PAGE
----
Treatment is guided by the extent of symptomatic and extracutaneous KS, immune system conditions, and concurrent complications of HIV infection since KS is not considered curable by standard therapies.
Localized KS lesions can be treated with alitretinoin gel, intralesional chemotherapy, radiation therapy, laser therapy, cryotherapy, and surgical excision.90,110 With intralesional therapy, vinblastine is likely the most used and yields a response rate of 70%.191 Radiotherapy, whether given as whole-body electron beam therapy, fractionated focal radiation therapy, and single treatments have produced CRs in 50-80% of patients.192-194
Systemic chemotherapy is used with individuals with progressive, widespread disease, and in particular with visceral involvement. Large randomized studies have established liposomal anthracyclines (doxorubicin, daunorubicin) as first line singleagent chemotherapy agents with promising results compared with combination chemotherapy treatment.195-197 Paclitaxel has also been recently used as a cytotoxic agent against KS. Compared with other regimens, the median duration of response ranged from 7.4 to 10.4 months, among the longest observed.198-201 Although well tolerated, paclitaxel has many adverse effects, including neutropenia and toxic interactions with HAART due to both being metabolized by the cytochrome P-450 pathways.202,203
For HIV-infected individuals who have appropriate immune reconstitution with antiretrovirals, but still have disseminated cutaneous KS, interferon-alpha may be a favorable option. Response rates from 20 to 40% have been observed in patients.168 Adverse side effects from interferon-alpha encompass fever, chills, neutropenia, hepatotoxicity, and cognitive impairment.
The discovery of HHV-8 in all forms of KS has raised the possibility of using antiviral agents to target this virus. HIV-infected individuals that used foscarnet instead of ganciclovir to treat cytomegalovirus disease had a considerably longer time of their existing KS progressing to a more severe form.204 In another trial, the use of ganciclovir for treatment of cytomegalovirus disease reduced the risk of developing KS.205 A pilot study using cidofovir for the treatment of AIDS-associated and classic KS showed no effect on disease progression, no decrease in viral load of HHV-8 among seven patients, and no change in expression of early lytic and latent gene expressions from cutaneous KS lesions. Only one of seven patients demonstrated decreased production of a late lytic gene.206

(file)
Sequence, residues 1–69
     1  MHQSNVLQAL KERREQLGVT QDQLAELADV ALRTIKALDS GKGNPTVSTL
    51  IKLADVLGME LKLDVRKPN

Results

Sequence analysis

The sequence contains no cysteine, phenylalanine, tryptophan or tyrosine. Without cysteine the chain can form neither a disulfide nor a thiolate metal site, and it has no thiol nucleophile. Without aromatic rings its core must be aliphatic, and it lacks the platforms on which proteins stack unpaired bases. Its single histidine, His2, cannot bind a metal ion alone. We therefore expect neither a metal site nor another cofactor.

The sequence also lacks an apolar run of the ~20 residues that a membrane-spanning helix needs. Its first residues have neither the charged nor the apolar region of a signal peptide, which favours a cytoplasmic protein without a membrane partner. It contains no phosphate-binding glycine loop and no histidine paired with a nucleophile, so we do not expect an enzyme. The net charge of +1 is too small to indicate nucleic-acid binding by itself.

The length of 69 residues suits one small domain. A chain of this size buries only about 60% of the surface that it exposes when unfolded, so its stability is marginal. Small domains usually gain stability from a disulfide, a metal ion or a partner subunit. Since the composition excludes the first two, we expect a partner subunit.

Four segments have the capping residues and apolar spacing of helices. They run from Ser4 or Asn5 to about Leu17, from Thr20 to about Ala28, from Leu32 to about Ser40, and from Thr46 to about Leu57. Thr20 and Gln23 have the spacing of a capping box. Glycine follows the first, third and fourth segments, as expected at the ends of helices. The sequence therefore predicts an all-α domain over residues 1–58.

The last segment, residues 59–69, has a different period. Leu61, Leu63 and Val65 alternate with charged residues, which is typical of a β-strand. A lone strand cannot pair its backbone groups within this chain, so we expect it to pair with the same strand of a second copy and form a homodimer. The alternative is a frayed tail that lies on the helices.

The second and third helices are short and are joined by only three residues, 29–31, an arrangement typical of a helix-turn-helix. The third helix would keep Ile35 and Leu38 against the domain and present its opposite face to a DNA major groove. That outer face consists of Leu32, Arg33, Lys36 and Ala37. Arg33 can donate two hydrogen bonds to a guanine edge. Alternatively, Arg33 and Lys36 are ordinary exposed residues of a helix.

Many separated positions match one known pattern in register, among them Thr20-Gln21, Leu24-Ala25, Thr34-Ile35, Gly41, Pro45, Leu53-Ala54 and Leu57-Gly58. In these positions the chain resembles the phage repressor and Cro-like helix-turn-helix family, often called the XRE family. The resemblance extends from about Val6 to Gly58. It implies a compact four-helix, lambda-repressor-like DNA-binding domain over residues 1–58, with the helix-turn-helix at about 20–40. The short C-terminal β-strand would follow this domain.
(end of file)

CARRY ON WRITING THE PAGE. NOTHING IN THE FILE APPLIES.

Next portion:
Most KS tumor cells are latently infected with HHV-8 and thus more resistant to antiherpesvirus drugs that rely on lytic replication. This resistance can be overcome by inducing HHV-8 to reenter the lytic cycle during antiviral therapy, leading to destruction of virally infected cells. Another way would be to disrupt the maintenance and replication of HHV-8 during the latency, via glycyrrhizic acid or hydroxyurea, and thus interrupt the role of the virus in tumor formation.207
Potential targets based on KS pathogenesis are the focus of many current trials. Angiogenesis inhibitors including fumagillin, thalidomide, MMP inhibitor COL-3, and Imatinib mesylate are all agents being tested on individuals with AIDS-associated KS.187,208-212 Further, platelet-derived growth factor213 and c-kit214 have a role in active tumor formation. In one small study, the use of Imatinib mesylate, a c-kit and platelet-derived growth factor (PDGF) receptor inhibitor, resulted in regression of AIDS-related KS lesions.211
It is essential for tumor control for the majority of individuals now with HIV and concurrent KS to be treated with HAART.187,215 The inhibition of HIV replication, decreased production of the Tat protein, restored immunity to HHV-8 and the direct antiangiogenic activity of some protease inhibitors are among the benefits of antiretroviral therapy.216,217
HAART has been associated with a lengthening of time to treatment failure with either local or systemic therapy for KS. Bower and colleagues218 reported in a retrospective study a median time of 1.7 years from the initiation of HAART versus 0.5 years with no antiretroviral therapy to detect treatment failure among HIV-infected individuals with KS.
It has also been shown that antiretroviral therapy alone is linked with regression in size and number of existing KS lesions.219-221 Nasti et al.222 demonstrated that HIV-infected individuals who were already receiving HAART at KS diagnosis had a less aggressive presentation versus individuals who were naive to HAART at time of KS diagnosis.
Tam et al.,223 in a retrospective analysis from 1990 to 1999, demonstrated improved survival, an 81% risk reduction of death among HIV-infected individuals, with the initiation of HAART after the diagnosis of KS.
Thus, HAART taken along with chemotherapy extends the time to treatment failure of anti-KS therapies218 and patients are able to sustain extended course of chemotherapy without relapse at its discontinuation.224
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